And now, sitting in a car on a clogged highway on our way back to New Dehli, with Matt dozing off beside me, I’m thinking about how rushed we all are, and how being so rushed inhibits our ability to appreciate the opportunities we have to create small perfections. Our short-term focus is a sad reflection on society, one that has made it too easy to forget about the human ability to create something that can last generations.

I’m so glad I saw the Taj today.

For more pictures of my trip to the Taj, please visit my personal blog.

53 Comments

Richard Jones

Every time I read this post I literally throw up …..I can only imagine finally achieving a life long goal of attending Haj and spending that time daydreaming about NIKE!!!!! WTF

taj mahaj

one more think to add. the walk up to the taj mahaj is most beautiful to see. when you get closer and closer
it is beautiful.

joe johnson

the tak mahaj is such a beautiful place to go. i have been here twice and just love it. i wonder how
hard it was to build.

The Agra Indian

Here I would like to highlight one more thing about TAJ.

It looks pink in the morning, white in the noon and golden in the moonlight. This was published in one of the leading magazine in India.

Praveen

Dude,
Tajmahal was never constructed out of love. You should know better than that. Tajmahal was another king trying to tout his name. And do some more research, you can find plenty of evidence that it is not what it is made to sound like. Interesting comparision with apple iphone. Iphone is just another mans ego and some serious marketing.
Very close to the way in which historians turned out tajmahal into a symbol of love. He got her pregnant 14 times despite her ill health his lust never ceased eventually ended killing her. His accomplishments were so pitiful he did this in despair for history to remember him. Think about it Aurangazeg his son who sold caps and Quran to earn livelihood could not see this crap and had to put him in Jail. But history of course always contorts things into romantic and unrealistic ways.
My two cents…

Justin Thomas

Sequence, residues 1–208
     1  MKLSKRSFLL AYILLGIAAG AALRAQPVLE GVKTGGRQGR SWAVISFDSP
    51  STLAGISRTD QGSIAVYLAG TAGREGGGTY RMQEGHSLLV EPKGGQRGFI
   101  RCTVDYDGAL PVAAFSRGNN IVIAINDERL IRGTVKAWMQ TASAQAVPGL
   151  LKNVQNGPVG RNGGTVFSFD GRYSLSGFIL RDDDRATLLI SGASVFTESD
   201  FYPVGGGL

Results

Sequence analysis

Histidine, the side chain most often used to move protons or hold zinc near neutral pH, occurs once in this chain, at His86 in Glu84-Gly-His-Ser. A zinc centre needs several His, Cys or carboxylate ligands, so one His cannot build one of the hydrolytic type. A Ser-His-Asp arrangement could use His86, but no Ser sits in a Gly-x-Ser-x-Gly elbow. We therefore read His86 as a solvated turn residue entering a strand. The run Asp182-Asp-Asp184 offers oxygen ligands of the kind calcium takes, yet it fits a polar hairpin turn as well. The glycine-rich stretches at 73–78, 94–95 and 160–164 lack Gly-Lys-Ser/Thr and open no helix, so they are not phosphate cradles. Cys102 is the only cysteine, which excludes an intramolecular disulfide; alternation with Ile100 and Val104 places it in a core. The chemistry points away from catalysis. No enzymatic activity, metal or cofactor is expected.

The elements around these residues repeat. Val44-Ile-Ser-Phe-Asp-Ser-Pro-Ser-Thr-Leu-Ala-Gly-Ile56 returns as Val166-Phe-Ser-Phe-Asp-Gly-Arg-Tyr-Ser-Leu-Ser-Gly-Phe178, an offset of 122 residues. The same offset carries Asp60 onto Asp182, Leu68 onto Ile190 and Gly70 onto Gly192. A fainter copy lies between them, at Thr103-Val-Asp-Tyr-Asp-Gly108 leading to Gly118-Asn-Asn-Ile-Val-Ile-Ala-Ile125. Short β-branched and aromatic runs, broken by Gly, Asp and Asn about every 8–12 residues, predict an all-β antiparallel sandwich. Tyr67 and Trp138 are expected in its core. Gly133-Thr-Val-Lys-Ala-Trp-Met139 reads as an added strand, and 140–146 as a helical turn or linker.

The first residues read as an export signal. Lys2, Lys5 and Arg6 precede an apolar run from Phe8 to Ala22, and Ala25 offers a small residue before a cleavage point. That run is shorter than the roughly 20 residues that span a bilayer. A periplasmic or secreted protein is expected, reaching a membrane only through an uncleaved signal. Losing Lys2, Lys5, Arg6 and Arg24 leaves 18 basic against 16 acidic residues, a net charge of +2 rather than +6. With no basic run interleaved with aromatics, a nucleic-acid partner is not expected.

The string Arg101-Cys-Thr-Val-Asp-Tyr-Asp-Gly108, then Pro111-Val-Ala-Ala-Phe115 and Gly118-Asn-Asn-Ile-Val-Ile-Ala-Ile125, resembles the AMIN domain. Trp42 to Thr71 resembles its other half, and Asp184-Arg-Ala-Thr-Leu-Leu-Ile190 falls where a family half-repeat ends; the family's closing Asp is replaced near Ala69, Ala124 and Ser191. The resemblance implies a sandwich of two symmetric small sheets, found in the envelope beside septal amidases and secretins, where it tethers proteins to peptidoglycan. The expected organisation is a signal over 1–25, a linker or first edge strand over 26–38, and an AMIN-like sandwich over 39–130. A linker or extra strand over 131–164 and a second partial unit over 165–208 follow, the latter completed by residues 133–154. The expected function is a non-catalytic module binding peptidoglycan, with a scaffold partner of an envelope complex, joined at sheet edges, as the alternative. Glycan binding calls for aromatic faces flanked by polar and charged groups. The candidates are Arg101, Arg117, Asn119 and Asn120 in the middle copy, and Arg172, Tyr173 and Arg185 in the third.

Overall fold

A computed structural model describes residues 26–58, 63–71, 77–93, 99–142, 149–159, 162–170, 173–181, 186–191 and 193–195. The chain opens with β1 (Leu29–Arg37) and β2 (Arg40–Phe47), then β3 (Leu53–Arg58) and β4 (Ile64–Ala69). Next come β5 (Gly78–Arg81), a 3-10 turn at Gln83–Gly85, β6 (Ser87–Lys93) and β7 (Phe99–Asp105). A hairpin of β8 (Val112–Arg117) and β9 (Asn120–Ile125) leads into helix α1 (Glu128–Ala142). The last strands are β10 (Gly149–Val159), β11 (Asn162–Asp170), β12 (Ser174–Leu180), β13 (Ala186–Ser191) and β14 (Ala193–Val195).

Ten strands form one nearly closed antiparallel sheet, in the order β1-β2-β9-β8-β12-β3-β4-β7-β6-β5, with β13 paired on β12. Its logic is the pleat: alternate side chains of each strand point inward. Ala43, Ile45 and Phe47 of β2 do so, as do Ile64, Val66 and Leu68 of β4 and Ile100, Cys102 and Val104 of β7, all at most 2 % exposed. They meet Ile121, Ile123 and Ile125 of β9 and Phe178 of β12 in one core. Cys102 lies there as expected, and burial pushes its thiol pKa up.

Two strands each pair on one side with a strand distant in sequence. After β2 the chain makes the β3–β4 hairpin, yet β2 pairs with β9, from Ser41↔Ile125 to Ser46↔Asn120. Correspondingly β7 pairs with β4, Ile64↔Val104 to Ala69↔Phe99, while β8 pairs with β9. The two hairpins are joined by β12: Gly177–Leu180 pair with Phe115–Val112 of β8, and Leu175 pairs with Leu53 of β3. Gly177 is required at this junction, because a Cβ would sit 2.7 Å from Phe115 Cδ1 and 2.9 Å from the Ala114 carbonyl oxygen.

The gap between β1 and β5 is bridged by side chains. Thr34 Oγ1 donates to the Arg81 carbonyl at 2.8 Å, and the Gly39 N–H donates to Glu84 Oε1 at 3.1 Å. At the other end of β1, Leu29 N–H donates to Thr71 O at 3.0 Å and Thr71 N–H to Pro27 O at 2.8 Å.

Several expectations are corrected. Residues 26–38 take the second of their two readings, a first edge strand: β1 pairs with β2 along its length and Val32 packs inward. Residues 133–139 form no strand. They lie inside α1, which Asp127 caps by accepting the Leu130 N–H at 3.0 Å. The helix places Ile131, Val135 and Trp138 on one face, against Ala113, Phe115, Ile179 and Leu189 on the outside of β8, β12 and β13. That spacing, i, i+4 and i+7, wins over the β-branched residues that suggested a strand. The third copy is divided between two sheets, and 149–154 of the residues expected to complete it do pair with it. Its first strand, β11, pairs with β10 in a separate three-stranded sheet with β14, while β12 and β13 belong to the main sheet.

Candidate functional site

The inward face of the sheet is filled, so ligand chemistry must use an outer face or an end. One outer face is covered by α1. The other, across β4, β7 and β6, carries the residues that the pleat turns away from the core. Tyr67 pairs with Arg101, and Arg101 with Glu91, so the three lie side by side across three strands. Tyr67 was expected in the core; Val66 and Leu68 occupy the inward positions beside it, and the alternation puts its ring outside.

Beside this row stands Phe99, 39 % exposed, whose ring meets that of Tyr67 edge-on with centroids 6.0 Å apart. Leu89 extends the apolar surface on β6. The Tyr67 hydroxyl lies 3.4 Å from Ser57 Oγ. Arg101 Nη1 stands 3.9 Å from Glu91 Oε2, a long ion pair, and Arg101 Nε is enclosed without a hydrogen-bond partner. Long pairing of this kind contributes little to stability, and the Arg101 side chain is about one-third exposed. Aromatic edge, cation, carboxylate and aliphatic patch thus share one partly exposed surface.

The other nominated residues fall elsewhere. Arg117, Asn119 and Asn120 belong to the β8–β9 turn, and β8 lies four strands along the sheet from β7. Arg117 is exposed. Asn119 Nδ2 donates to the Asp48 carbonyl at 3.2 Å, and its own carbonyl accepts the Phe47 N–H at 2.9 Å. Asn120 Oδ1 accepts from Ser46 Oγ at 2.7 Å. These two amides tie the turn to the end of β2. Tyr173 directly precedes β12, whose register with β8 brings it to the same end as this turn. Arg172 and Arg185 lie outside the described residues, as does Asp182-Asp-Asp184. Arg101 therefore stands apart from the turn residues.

Inspiring post. I starting brainstorming over a project about 5 years ago. I worked hard to perfect it as much as a could only to find out after it’s release it was far from perfect. Really, really far from perfect. I didn’t do anything for almost a year, just thinking about the design here and there and what could be done better. Then about a year ago I started up on it again. I’ve noticed lately I’ve been trying to rush myself to get things done. I’m not going to take forever to make it perfect, but after reading your post, I am going to take however much time it takes to be sure that what’s done is done well and it works well.

Again, inspiring post. Thanks!

izuka01

Came here from WP top posts. I have never been to the Taj…someday I hope to. Read loads about it. This description here is just beautiful! comparison to the Mac – awesome.

One thing that did strike me in this post was –

an almost-dry River Yamuna in the background,

Really? Here I was thinking Yamuna was a perennial river!!! This kind of scares me actually!

Apar

Came here from WP top posts. I have never been to the Taj…someday I hope to. Read loads about it. This description here is just beautiful! comparison to the Mac – awesome.

One thing that did strike me in this post was –

an almost-dry River Yamuna in the background,

Really? Here I was thinking Yamuna was a perennial river!!! This kind of scares me actually!